Buying a home is part of the American Dream, but that doesn't necessarily mean it's the best choice for you.
For decades, the conventional wisdom has been that buying a house makes much better financial sense than renting one. After all, you'll have to spend a large chunk of your income on housing either way, so doesn't it make more sense to invest that money in something you'll eventually own, rather than simply forking cash over to someone else?
However, a number of factors can make renting a much wiser financial decision than buying. Here are four good reasons why it may be smarter for you to rent instead of buy.
1. You're not staying in the home very long
The sooner you intend to move, the less sense it makes to buy.
If you plan to stay put for less than two years, then buying a house would be a poor investment. In such a sort amount of time, the home likely wouldn't gain enough value to make up for the costs of buying and selling it, like realtor commissions, closing fees, moving expenses, and so on. And don't forget that buying or selling a house is a huge hassle compared to switching from one rental to another.
2. You're in an inflated housing market
Some parts of the country are prohibitively expensive to live in. Coming up with a down payment for a $500,000 house is considerably harder than coming up with a down payment for a $150,000 house. But what makes certain highly desirable urban areas really problematic is that home prices in these areas can be driven steeply upward by the high demand. Not only would you have to pay an inflated price for the house, which makes it harder for you to turn around and sell it for a gain in a few years, but you'd also have to pay far more each month as a homeowner than you would as a renter for the same amount of house.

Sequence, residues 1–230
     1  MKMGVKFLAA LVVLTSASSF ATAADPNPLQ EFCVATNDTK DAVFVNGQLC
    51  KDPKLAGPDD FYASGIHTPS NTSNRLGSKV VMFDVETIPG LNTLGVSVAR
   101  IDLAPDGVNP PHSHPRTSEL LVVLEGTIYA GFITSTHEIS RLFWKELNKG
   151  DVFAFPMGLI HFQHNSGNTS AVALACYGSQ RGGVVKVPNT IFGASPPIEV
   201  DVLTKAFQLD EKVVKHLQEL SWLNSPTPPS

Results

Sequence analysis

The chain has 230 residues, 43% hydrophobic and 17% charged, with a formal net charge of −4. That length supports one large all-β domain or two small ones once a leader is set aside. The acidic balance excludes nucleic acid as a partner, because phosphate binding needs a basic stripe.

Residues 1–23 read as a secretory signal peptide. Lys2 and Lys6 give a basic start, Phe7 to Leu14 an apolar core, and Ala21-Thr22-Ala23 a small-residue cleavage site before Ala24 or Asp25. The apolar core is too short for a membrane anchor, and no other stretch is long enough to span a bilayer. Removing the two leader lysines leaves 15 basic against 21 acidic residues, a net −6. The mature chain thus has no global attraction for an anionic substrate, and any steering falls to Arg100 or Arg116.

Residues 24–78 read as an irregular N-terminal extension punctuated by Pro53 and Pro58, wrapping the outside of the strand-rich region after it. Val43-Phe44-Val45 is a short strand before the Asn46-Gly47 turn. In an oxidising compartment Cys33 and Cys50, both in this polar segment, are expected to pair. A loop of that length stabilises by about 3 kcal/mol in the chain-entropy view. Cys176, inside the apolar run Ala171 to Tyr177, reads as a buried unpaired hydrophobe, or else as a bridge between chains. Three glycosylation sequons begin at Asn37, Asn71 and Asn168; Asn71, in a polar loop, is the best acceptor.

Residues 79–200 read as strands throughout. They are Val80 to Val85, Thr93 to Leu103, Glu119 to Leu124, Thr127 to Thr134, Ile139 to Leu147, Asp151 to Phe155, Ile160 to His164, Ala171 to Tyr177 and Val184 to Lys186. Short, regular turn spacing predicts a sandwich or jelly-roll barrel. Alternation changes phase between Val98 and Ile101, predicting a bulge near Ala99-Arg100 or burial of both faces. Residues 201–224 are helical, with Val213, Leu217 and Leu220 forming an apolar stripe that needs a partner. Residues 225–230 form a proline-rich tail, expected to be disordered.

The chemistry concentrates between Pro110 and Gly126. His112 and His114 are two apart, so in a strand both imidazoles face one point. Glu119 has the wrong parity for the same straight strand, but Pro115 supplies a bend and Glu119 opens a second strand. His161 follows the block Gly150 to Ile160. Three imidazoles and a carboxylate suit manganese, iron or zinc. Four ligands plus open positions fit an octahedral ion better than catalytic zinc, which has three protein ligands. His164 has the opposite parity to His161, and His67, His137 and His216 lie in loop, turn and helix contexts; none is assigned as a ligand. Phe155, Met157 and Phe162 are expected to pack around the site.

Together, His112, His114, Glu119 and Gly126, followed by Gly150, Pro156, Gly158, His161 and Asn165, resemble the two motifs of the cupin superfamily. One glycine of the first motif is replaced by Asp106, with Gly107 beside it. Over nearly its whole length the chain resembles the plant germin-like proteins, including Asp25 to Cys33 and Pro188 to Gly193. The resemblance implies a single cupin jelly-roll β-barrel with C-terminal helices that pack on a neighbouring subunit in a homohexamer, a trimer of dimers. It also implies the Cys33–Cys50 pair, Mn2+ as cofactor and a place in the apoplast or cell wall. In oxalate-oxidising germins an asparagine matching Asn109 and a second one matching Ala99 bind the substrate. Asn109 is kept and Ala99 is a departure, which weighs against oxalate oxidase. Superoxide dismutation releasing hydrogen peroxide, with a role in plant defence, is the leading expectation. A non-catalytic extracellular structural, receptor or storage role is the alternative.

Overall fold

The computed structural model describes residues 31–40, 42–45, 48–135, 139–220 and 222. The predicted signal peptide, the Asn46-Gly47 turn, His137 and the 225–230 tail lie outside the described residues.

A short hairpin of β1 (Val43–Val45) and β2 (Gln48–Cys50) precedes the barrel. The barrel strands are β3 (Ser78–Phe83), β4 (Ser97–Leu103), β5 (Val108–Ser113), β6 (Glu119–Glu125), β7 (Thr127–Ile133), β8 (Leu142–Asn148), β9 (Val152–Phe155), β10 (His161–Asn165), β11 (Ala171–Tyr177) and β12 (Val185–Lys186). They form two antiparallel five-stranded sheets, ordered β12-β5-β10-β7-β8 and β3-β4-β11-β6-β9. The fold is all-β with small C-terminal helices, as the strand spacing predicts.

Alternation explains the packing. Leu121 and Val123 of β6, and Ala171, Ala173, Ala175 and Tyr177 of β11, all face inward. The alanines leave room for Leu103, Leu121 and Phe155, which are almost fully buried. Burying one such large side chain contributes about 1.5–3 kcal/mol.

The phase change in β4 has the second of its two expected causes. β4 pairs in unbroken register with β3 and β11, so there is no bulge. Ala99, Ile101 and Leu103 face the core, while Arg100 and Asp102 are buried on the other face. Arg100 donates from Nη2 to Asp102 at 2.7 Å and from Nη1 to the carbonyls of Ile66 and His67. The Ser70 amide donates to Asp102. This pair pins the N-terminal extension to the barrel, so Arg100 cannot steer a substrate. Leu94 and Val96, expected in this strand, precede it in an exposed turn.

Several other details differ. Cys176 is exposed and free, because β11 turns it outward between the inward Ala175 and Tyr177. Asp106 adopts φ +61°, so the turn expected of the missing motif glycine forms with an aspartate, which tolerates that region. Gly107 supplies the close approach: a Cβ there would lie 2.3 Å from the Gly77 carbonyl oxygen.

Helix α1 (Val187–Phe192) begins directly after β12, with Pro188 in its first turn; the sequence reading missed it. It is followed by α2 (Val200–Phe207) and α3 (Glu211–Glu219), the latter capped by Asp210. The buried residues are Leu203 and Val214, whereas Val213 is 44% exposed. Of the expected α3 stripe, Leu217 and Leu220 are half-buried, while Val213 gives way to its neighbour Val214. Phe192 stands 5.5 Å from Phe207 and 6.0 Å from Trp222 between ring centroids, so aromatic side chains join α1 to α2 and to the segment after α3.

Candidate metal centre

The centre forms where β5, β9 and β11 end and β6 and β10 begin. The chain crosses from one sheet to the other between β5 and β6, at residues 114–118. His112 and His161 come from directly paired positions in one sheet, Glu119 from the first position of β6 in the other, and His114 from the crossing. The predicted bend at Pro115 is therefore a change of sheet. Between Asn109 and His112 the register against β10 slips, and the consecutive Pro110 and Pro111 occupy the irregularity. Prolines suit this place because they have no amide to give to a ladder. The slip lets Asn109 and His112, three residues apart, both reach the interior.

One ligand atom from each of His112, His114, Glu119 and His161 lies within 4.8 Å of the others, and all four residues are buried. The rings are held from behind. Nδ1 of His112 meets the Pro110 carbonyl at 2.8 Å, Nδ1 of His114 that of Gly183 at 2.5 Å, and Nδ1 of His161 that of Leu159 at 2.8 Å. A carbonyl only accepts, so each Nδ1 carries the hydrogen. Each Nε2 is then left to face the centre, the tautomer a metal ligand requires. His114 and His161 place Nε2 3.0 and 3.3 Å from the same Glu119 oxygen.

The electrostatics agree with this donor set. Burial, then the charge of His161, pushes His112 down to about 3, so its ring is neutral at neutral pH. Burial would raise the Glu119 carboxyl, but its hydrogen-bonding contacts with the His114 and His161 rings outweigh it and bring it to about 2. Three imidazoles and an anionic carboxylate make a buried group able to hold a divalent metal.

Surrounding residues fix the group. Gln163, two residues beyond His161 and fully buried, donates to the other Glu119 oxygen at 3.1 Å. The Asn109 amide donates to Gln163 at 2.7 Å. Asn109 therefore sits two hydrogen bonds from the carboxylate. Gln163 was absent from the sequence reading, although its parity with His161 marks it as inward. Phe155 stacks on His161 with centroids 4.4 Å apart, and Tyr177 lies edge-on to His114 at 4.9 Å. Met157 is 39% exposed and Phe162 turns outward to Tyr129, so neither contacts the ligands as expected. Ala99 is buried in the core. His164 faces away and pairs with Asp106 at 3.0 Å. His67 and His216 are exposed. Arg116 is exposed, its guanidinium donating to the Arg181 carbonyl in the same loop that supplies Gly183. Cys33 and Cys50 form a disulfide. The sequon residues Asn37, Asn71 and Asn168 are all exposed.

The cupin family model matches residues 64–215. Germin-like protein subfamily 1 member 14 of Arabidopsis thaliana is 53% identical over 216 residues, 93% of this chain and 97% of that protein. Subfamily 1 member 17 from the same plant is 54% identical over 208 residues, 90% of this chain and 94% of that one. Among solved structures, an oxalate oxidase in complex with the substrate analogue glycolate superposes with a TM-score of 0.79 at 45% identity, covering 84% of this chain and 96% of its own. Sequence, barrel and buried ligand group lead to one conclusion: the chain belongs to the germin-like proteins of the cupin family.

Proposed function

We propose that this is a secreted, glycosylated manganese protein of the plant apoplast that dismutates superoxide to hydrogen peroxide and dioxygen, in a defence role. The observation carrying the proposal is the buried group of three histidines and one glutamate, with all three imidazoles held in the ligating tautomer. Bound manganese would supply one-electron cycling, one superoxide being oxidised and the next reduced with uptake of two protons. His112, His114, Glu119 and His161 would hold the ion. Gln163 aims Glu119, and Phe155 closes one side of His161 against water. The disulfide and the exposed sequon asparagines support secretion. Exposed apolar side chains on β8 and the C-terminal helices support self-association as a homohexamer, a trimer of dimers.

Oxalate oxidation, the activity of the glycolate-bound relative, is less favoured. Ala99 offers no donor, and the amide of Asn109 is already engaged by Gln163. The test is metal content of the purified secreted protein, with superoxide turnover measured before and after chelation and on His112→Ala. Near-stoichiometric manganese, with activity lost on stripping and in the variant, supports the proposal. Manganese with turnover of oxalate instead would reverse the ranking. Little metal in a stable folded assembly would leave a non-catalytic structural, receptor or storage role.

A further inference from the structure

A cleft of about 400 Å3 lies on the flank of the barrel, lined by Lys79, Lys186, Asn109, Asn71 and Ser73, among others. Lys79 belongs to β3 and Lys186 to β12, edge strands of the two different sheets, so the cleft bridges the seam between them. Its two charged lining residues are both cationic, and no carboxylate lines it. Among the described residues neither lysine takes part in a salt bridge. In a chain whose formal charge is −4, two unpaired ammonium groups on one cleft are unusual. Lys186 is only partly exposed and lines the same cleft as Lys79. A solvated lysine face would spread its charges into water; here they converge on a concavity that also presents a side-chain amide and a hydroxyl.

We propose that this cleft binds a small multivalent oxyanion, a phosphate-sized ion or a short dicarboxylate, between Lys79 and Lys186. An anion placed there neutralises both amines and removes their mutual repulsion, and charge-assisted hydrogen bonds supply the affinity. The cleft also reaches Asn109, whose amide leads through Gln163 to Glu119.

3. Your income isn't secure
If you're not confident in your job security, then now is not the time to make a huge purchase like a new house.
If you suddenly lose a major source of income, then you may need to cut your housing costs in order to get by. That's a relatively quick and painless process if you're renting; you might pay a fee to end your lease early, but you could move to a cheaper home in a matter of days. If you own your home, then a career crisis could force you to sell your house at a bad time; it may take months to find a buyer, or you might end up selling the house for less than you paid for it.
4. You have no savings
If an emergency savings account is important for a renter, it's absolutely crucial for a homeowner. As a renter, if something goes wrong with the house, you can simply call the landlord, who will have to pay to fix the problem. As a homeowner, all the expense lands squarely on your shoulders. Even if nothing expensive breaks down on you, homeowners have ongoing additional costs such as homeowner's insurance and property taxes.
If you don't budget for such expenses or run short one month, you may end up having to tap into savings to pay for them. And if you don't have a well-funded savings account, you may be forced to turn to credit cards -- and that repair bill will be made even more expensive by interest and possibly fees.
Also don't forget that ponying up a down payment will take a big bite out of your savings. You'll need to make sure you still have a solid emergency fund after you've paid out the down payment and the cost of moving. After all, what's the point of buying home if you'll be too busy fretting about expenses to enjoy it?
The Motley Fool